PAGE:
• From a military point of view a chance of military success existed only if the Polish armies were deployed behind the Narew-Vistula-San River line; Poland’s natural defensive line. 
  • However, if the previous option was adopted all of Western Poland would be surrendered without a fight which was politically unacceptable. 
In its final form Plan “Z” (from the word Zachod=West) demanded that:
  • The Polish Armies would be deployed along the Polish borders, 
  • they would absorb the initial German blows, 
  • and then they would contact a phased withdrawal to the Narew-Vistula-San River line, wearing down the German armies and gaining valuable time for a French intervention. 
A serious misunderstanding existed between the French and the Poles. The Polish side had come to the understanding that France would launch a major offens ive against Germany within two weeks from the outbreak of war, while the French High Command estimated that the Poles could hold for three to four months which was the time they needed to prepare an assault on Germany.


Plan Zacod
4. According to the plan the Polish Armies would be deployed along the frontier,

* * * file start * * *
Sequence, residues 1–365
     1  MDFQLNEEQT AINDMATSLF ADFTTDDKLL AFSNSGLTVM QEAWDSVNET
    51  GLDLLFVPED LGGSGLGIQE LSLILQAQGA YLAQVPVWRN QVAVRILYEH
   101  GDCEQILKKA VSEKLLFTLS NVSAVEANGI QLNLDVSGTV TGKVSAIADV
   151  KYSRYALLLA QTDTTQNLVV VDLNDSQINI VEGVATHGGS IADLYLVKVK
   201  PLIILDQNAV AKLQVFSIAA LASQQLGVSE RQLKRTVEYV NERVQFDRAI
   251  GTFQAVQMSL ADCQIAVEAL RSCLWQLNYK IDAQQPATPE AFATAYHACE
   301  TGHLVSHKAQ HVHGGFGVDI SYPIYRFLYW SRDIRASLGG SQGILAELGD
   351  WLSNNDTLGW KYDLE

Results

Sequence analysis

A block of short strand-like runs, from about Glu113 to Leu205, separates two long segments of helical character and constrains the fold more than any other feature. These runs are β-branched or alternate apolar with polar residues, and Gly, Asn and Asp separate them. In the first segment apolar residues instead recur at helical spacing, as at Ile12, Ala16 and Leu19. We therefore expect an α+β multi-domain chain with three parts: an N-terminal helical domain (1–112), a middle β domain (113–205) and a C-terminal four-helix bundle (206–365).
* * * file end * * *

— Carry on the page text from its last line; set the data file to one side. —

then they would occupy a delaying position along the Vistula – Warthe – Cracow line 
and finally would retire behind the Narew – Vistula – San line.

The Polish High Command had correctly appreciated that the main German thrust would come from Silesia aimed at Warsaw. Along that axis they had placed Army “Lodz” with four infantry divisions and two cavalry brigades echeloned in depth. Army Lodz was commanded by General Juliusz Rómmel who had won great fame during the Polish – Bolshevik War. Its mission was:
  • to defend strongly on the frontier,
  • to fall back to a prepared delaying position on the Warthe (Warta) river and
  • to hold the line of the Vistula river between Warsaw and Dęblin.
The Army was expected to fulfill its mission with the following forces:
  • 2nd Legion Infantry Division
  • 10th Infantry Division
  • 28th Infantry Division
  • 30th Infantry Division
  • Kresowa Cavalry Brigade
  • Wołyńska Cavalry Brigade
Taking a look at the armor component of Army “Lodz” we can notice the following. Each of the Cavalry Brigades had an organic Armored Battalion. More specifically the 21st Armored Battalion belonged to Wolynska and the 61st to Kresowa. Each Armored Battalion was equipped with eight wz.34 armored cars and thirteen TKS tankettes, all armed only with machine guns (MGs). There were also five Independent Reconnaissance Tank Companies distributed amongst the Infantry Divisions of the Army. Each one was equipped with thirteen TK-3/TKS tankettes armed only with MGs. So Army Lodz possessed some 91 AFVs but none of them had any armor piercing capability.

Army Lodz and Army Prusy.
5. Army Lodz and Army Prusy.